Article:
October 30, 2023

Words of the Month - Ye Olde TH

         The phrase “ye olde” (pronounced yee oldee) now denotes consciously old-fashioned things, especially those that are particularly cheesy, artificially quaint, and inclined toward trapping ignorant tourists.  Most people are under the vague impression that the phrase is genuine, if perhaps overused, and indeed it is — sort of.  Let’s clear the biggest issue out of the way at once: “ye olde” was never pronounced yee oldee.  During the time when this was a legitimate spelling, it was pronounced “the old,” just as the words have come to us today.  The -e on olde simply represented the fact that spelling was not yet standardized, and other variants including auld, alde, awld, ole and old were just as common.  Today we’re going to spend more time looking at the spelling of the sound that we now spell th.
        The -th- sound (technically a dental fricative, either voiceless /θ/ as in thumb, or voiced /ð/ as in them) is relatively rare in world languages, and while Old English and Greek have it, Latin and most other European languages do not.  Greek spelled the sound with the theta θ, and when Latin borrowed Greek words that included it, they usually spelled it th, but most often pronounced it as a simple t.  That’s come down in the pronunciation of Romance languages.  Meanwhile, Old Norse and Old English used the letter thorn þ to represent the unvoiced variant, and eth ð to represent the voiced version.  So far, so good.  But of course it wasn’t long before Latin collided with Old English…
        Old English occasionally spelled things with th on the Roman model, and when the Norman French turned Old English into Middle English, they also brought their own version of spelling.  Indeed, they drove poor eth to extinction by around 1250.  Thorn, however, was made of sterner stuff and lasted quite a bit longer.  It was especially inclined to persist in the very common words such as þat, þis, and þe.  After all, it’s shorter and quicker to write.  (If you’re paying attention, you should be thinking, “But shouldn’t those words be spelled with eth rather than thorn?”  And you’d be right, except that a) eth was extinct by now and b) English was never as precise about spelling as Old Norse!)  So far, so good (for thorn, if not for eth).  But of course then Gutenberg had to go and invent that printing press…
        The printing press reached England around 1475, but although we always talk about the press, it wouldn’t have done much good without the moveable type that went with it.  Most of the type in England was originally imported from the continent and therefore didn’t include pieces for the letter thorn, which wasn’t in use where the type was being made.  What to do about the missing letter?  Sometimes printers used y in place of þ because the shape was somewhat similar, and that’s how we end up with ye olde.  It’s simply an orthographic variant of þe olde and was always intended to be pronounced as such.  If you look at a couple examples of fifteenth century orthography, you can see the similarity between the two.  I’ve circled eths in blue, and y’s in green.  In the first example, handwritten around 1440, you can see that the two letters are practically indistinguishable.  In the second example, printed in 1478, the y’s look just like the handwriting, while the thorns are a little different.  (In both, you can see the habit of writing the e above the thorn as a sort of abbreviation for the.)  While Y clearly made a reasonable substitute for thorn, however, its use was not universal, and plenty of people just fell back on th instead.  As printing enforced its standardization on English, th became the winning orthographic solution, which is why today we look at “ye olde” and think it should be pronounced yee.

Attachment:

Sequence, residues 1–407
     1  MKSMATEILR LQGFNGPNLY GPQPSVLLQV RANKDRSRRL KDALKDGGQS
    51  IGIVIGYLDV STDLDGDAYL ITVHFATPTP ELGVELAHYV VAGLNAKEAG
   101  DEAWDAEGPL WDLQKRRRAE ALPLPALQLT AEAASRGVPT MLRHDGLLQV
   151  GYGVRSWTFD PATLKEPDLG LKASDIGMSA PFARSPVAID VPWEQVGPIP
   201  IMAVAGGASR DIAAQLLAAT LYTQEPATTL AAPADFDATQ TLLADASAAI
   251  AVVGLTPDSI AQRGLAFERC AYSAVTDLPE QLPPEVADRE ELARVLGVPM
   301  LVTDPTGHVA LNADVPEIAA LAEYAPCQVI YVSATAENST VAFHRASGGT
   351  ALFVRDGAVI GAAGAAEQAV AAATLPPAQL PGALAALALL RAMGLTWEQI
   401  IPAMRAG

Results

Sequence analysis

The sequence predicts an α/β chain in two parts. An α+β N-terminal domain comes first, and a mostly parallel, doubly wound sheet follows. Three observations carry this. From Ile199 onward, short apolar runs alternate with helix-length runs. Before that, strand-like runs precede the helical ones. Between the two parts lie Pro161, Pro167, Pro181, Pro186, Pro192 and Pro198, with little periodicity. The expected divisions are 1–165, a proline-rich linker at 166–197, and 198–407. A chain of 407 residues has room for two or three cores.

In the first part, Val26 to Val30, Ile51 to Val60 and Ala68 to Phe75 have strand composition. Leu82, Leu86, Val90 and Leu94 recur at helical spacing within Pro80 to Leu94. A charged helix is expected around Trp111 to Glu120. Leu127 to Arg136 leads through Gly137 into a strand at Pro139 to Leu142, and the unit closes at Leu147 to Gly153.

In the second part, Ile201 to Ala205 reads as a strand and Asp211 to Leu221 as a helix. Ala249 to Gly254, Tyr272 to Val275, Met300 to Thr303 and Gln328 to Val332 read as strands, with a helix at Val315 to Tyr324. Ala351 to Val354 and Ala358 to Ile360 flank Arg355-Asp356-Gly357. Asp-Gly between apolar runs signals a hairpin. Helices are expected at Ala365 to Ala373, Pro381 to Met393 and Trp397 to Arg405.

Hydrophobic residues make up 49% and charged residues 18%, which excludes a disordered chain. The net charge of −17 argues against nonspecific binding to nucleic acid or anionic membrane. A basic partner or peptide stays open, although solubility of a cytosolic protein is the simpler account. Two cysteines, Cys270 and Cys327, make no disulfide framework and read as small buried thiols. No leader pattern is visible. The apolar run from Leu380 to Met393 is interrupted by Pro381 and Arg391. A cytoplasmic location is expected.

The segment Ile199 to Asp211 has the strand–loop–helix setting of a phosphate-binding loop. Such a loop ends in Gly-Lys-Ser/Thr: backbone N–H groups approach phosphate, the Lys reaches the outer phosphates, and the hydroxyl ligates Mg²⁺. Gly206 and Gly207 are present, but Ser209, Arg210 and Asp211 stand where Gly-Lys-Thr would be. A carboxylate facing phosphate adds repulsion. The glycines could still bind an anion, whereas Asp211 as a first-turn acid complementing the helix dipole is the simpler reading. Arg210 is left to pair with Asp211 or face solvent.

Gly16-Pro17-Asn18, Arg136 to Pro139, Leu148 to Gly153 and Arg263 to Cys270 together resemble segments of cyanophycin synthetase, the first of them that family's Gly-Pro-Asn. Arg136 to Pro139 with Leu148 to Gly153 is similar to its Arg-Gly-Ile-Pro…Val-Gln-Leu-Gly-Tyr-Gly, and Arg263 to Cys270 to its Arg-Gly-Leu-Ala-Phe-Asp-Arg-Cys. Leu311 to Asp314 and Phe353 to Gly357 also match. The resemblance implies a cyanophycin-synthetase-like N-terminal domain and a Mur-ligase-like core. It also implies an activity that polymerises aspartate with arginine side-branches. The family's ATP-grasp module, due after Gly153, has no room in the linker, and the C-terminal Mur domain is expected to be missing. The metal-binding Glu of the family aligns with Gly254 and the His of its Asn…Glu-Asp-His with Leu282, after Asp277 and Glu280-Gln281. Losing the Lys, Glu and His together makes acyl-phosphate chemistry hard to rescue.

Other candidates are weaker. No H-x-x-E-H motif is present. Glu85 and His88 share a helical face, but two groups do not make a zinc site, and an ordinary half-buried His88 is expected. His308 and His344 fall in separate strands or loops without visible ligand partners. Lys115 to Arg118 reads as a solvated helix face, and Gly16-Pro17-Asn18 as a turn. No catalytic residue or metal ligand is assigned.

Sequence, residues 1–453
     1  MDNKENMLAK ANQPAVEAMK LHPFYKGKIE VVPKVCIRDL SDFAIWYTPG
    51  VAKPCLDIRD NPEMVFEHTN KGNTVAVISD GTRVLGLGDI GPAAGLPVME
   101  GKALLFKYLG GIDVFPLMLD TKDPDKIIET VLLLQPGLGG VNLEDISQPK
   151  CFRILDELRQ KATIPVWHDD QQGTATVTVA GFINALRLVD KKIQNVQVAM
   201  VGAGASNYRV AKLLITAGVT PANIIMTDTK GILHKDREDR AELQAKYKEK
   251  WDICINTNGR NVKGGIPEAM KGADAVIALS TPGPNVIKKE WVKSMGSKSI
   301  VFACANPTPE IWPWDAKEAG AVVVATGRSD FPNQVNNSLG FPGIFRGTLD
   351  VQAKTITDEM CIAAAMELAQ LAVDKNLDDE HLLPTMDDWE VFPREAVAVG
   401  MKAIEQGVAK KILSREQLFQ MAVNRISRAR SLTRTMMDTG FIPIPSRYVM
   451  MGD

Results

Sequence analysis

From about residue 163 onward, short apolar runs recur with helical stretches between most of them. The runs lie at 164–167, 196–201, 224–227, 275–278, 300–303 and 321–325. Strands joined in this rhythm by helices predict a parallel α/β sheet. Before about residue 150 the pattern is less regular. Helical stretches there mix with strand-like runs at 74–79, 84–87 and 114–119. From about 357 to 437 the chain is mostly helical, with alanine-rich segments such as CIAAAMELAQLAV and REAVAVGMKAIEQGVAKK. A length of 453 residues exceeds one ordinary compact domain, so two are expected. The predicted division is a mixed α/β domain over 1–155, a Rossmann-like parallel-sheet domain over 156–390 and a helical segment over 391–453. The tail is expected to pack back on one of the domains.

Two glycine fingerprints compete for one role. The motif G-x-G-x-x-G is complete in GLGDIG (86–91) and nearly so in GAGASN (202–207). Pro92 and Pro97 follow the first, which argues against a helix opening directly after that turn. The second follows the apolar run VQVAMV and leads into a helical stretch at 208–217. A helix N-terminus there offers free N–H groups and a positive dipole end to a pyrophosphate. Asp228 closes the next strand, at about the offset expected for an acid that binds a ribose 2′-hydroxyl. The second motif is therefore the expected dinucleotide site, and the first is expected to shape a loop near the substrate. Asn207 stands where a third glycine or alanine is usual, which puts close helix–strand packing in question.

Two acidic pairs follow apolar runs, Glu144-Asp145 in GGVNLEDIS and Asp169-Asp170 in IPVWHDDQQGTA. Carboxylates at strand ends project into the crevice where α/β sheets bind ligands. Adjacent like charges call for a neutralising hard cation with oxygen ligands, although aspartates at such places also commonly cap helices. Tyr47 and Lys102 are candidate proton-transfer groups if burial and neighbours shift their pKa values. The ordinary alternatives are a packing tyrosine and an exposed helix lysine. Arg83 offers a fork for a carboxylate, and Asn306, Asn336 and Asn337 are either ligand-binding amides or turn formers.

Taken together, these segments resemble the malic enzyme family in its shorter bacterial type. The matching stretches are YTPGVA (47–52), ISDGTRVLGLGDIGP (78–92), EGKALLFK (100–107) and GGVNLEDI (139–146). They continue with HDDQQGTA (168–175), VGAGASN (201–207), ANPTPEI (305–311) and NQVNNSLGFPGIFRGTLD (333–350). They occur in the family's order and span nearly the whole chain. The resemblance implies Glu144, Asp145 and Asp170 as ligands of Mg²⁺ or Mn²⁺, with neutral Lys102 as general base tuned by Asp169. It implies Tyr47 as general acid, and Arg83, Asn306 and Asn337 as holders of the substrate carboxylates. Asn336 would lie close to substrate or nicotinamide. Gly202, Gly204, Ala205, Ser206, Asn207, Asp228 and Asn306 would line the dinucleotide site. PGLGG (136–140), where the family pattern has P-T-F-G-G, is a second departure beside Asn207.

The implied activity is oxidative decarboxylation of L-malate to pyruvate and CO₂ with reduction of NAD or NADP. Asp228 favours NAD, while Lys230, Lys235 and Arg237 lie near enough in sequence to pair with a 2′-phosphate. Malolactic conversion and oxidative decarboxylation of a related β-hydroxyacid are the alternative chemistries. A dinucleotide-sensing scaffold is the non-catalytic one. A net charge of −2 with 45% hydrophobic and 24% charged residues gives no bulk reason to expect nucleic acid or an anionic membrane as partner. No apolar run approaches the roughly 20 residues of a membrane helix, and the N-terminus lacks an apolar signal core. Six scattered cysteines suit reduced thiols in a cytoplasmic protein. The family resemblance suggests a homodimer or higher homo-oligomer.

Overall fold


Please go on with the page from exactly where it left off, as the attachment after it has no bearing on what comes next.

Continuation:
As a footnote, however, English spelling still had a lot of confusion to get through before reaching its current state.  In the fifteenth century some overzealous scholars added H to the T’s of words that they thought came from Greek TH origins, such as author and Thames, while other words were borrowed from Romance languages that followed the Latin model of spelling Greek words with th while pronouncing them with t, such as thyme and Thomas.  (For more about the influence of overenthusiastic Latin-loving spelling reformers, see prior post on The Fault in Our Salmon.)  And those are just some of the reasons for the strange variety of spelling and pronunciation of words with th.
        Personally, I really miss eth and thorn and wish we still had them in the English alphabet, along with something new for ch and sh, too!

[Pictures: Ye Olde Mixer-Upper, wood-cut by John Held Jr, 1935 (Image from AbeBooks);

Detail from The Book of Margery Kempe manuscript by Margery Kempe, 1436-48 (Image from The Margery Kempe Society);

Detail from Chaucer’s Canterbury Tales, printed by William Caxton, 1478 (Image from Worcester Cathedral);

The Book Printer, wood block print by Jost Amman from Panoplia omnium illiberalium, 1568 (Image from Internet Archive).]


Charlotte (MotherOwl) said...

Thank you for this explanation. From Icelandic I knew Thorn and Eth, and I knew 'ye' was supposed ot be 'the', I just never came to connect the dots inside my head. You made my morning 100 % better with this.

Pax said...

Thanks for spelling this out so clearly. My olde English manuscript reading includes plenty of thorns, but eths have eluded me: no longer in use in the early 17th century.